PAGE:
Construction worker Felipe Campuzano pours water on his face to cool off as he digs a sanitation pipe ditch during a heatwave Aug. 4, 2022 in Philadelphia, Pennsylvania. (Mark Makela/Getty Images)
With many parts of the country gripped by extreme heat, President Joe Biden said Thursday his administration would target states that don’t offer workers heat protections and would direct millions of dollars to water projects and improved weather forecasting.
In a live address, with the mayors of Phoenix and San Antonio joining by video, Biden said summer heat waves are affecting more than 100 million Americans. The record heat, smoke from wildfires and other natural disasters make it impossible to deny that the climate is changing, Biden said, calling the climate crisis “an existential threat.”
“Even those places that are used to extreme heat have never seen it hot as it is now for as long as it’s been,” Biden said. “Even those who deny that we’re in the midst of a climate crisis can’t deny the impact extreme heat is having on Americans.”
Scientists say it’s impossible to trace any particular weather event to human-caused climate change, but the trend — the past eight years are the eight hottest years on record, according to the World Meteorological Organization, with 2023 on pace to become the hottest ever — is undeniably linked to a changing climate.
Biden said he has asked acting Labor Secretary Julie Su to step up enforcement and inspections in industries such as agriculture and construction where workers are outside and at higher risk of heat-related problems.
Biden also directed the Labor Department to issue a heat hazard alert that clarifies the legal protections workers have under federal law to protect themselves from heat exposure.
“We should be protecting workers from hazardous conditions, and we will,” he said.
States that don’t offer their own heat protections for workers would see Biden “calling them out,” the president said. Some states don’t even require that workers are provided water breaks, which is “outrageous,” Biden said.
Federal dollars available
Biden listed federal resources that have been spent or are available to address issues caused by heat.
The Interior Department will also spend $152 million from the 2021 infrastructure law to build water storage facilities and improve climate resiliency in Colorado, Washington and California.
And the National Oceanic and Atmospheric Administration will spend $7 million from Democrats’ 2022 climate, tax and social policy law to improve weather forecasting.
Biden also outlined longer term actions he’s supported, including provisions in laws he championed that provide aid to local governments.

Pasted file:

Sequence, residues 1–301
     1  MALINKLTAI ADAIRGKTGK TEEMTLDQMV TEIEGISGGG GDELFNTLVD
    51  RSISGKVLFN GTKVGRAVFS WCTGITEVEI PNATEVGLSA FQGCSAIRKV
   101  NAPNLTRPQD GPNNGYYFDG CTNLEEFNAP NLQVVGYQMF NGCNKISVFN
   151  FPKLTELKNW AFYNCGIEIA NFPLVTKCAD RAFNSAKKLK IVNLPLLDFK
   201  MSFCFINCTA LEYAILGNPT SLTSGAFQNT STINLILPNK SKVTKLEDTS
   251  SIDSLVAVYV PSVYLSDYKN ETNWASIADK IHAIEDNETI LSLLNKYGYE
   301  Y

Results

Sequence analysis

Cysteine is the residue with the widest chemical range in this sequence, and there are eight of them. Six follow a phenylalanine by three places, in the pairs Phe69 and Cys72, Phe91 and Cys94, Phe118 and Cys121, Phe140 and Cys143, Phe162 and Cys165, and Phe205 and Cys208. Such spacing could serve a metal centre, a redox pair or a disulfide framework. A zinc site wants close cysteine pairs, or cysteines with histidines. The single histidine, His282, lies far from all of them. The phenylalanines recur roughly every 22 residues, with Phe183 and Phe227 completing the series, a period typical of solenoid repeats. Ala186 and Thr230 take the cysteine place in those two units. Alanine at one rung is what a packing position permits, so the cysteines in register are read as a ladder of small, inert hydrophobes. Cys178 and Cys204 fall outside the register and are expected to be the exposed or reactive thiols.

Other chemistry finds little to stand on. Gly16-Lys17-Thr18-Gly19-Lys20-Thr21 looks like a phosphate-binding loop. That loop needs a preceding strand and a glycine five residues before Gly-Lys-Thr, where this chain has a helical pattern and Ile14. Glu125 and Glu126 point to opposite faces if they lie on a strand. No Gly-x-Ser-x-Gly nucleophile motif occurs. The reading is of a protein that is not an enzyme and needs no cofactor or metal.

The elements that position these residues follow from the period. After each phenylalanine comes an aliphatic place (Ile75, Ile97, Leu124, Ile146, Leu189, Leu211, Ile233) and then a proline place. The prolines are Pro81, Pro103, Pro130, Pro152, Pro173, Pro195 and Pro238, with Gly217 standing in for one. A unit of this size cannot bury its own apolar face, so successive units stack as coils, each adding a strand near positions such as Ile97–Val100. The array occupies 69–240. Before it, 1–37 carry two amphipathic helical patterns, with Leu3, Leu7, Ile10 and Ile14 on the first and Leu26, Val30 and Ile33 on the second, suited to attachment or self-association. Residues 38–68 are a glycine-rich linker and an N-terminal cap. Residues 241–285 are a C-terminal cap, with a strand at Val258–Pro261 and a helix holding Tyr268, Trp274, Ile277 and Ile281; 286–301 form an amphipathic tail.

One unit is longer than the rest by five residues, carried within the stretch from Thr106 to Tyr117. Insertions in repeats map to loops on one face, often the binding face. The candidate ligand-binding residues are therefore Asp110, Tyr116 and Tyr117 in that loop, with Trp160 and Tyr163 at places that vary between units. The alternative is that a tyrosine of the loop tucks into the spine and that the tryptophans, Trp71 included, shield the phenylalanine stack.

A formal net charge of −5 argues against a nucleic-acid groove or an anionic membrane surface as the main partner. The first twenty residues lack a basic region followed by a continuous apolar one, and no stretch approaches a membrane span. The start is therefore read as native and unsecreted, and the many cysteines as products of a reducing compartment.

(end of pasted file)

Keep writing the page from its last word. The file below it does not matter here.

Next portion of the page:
The $1.9 trillion COVID-19 relief and stimulus law that passed in the early days of his term helped states and cities promote energy efficiency and open cooling centers, he said. And the $1.2 trillion infrastructure law included funding to upgrade electric grids to become more resilient, he said.
The administration is also offering direct aid to local government, Biden said. The U.S. Forest Service has provided $1 billion in grants for local communities to plant trees and the Housing and Urban Development Department has spent billions to make buildings more energy efficient, he said.
Biden repeated throughout the 20-minute event that the federal government had funding available for local governments to address heat, and urged local leaders to directly contact the White House if they had issues receiving assistance.
Phoenix on climate front lines
Phoenix Mayor Kate Gallego told Biden she was grateful for help from the federal government, saying that the current heat wave has been difficult for the city’s residents to endure.
“Phoenix is known for heat,” Gallego said. “We have relentless summer heat followed by beautiful months of weather.
“But right now, this summer has really been unprecedented … In Phoenix, it’s taking a real toll on our community. We feel like we are very much on the front lines of climate change.”
Congress should let the president declare a heat disaster, Gallego said. That could unleash more aid from the federal government, including from Federal Emergency Management Administration grant programs, she said.
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